Launched in 1959 and sold until 1967, the “big Healeys” were very successful in their day and are still much sought after by collectors. It began life as an open 2+2 sports car but had, by the end, become a proper convertible, losing the +2 option which only fit children anyway!
MkI – BN7 and BT7
Introduced in 1959, the Austin-Healey 3000 MkI was based on the 100-6, but replaced the 2.6 litre 6 cylinder 102bhp engine of its predecessor with a new 2912cc BMC C-Series engine running at a higher compression ratio of 9:1 and utilising a pair of SU HD6 carbs. This allowed the first series of the 3000 to offer 124bhp and 167lb-ft of torque. Front disc brakes were fitted as standard and the transmission was strengthened to cope with the increased power.
The BN7 was the two seater variant, while the BT7 was the 2+2 option with a detachable hard top. Both versions were amazingly similar to the 100-6.
MkII – BN7 and BT7
In 1961 the MkII hit the markets, with a third SU HS4 carburetor added along with an improved camshaft. These changes bounced the power output to 132bhp. A brake servo was offered later in 1961 which really improved the braking characteristics, and the side mounted gear change was moved to a more conventional centrally located gear lever.
Visual changes for this MkII were limited to a vertical bar arrangement on the front grille.
MkII – BJ7
In mid 1962, the decision was taken to drop the 2+2 BT7 variant of the big Healey. Shortly thereafter, the brand new BJ7 variant was launched to an expectant public. The car was now a convertible offering only, with a new wrap around windscreen, wind up windows, quarter lights in the doors and a better folding operation for the roof. A new 60-spoke wire wheel design replaced the 48-spoke offered in previous BN7 guise.
As for the powerplant, Austin-Healey dropped the triple carburetor setup as it was proving tricky to tune for racing. This new model adopted a pair of SU HS6 carburetors, losing only 1 hp as a result. Overall, this new variant was a far superior car in terms of both quality and drivability – road tests of the day reckoned it was over 6 seconds faster to the magic 100mph!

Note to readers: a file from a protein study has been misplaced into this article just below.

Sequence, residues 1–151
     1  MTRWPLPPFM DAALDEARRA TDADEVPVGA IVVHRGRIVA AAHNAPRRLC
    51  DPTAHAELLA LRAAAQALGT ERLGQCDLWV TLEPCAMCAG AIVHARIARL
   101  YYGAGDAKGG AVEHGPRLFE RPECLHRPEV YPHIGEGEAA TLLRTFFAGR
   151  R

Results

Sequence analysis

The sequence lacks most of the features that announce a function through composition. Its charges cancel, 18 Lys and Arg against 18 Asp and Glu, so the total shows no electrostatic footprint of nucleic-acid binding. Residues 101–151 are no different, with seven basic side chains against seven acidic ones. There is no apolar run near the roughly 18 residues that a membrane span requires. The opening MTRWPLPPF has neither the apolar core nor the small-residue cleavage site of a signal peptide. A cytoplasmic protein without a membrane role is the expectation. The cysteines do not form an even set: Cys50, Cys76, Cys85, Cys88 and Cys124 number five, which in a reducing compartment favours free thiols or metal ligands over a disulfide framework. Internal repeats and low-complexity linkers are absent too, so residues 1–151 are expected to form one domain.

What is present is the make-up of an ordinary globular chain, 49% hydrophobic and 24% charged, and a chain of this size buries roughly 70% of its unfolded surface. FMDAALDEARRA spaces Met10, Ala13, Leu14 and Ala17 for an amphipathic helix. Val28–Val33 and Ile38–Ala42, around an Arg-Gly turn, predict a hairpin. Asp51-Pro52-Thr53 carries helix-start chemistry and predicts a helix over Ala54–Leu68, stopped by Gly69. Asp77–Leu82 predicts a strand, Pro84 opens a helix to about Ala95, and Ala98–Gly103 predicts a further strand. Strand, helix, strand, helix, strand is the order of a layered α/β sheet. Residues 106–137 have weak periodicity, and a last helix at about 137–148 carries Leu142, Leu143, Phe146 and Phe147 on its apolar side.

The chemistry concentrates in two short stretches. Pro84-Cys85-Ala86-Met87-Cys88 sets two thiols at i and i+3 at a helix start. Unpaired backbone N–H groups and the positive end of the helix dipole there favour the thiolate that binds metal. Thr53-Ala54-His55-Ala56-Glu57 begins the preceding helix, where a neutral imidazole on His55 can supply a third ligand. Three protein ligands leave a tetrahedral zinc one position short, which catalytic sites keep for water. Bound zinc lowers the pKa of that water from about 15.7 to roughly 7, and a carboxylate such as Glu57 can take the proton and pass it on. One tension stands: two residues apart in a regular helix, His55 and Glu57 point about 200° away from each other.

MkIII – BJ8
1964 brought the BJ8 to the market. Visually identical to the BJ7, this new offering provided 148 bhp through the use of twin HD8 carbs instead of HS6’s and a new revised camshaft. The optional brake servo was now fitted as standard.
Internally, the dashboard and interior were completely redesigned in order to remain competitive in the marketplace. Leather seat upholstery was relegated to the options list, replaced instead with Ambla vinyl. The rear seats could be folded flat in a nod to the Porsche 356 approach, while the wooden dashboard now housed a more modern black-on-white speedo and rev counter directly in front of the driver.
In 1967 production ceased after over 72,000 cars had been constructed, 42,924 of which were Austin Healey 3000’s.
Austin Healey 3000 (BJ8, 1967) – Vital Statistics
|Power||110 kW (148 bhp) @ 5250rpm|
|Torque||234 Nm (173 lb/ft) @ 3000rpm|
|0-100 km/h (0-62 mph)||8.9 seconds|
|Maximum speed||192 km/h (119 mph)|
|Fuel consumption (average)||14.2 l/100km (19.9 mpg)|
|Fuel type, tank capacity||Petrol, 55 litres|
Twin SU HD8 Carburetors,
Duplex chain drive,
Hydraulic tensioning unit on
the timing chain,
Oil pump and distributor driven via
separate sets of skew-cut gears
on the camshaft
|Cylinders and valves||Inline 6, 12v|
|Transmission||4 speed manual w/overdrive|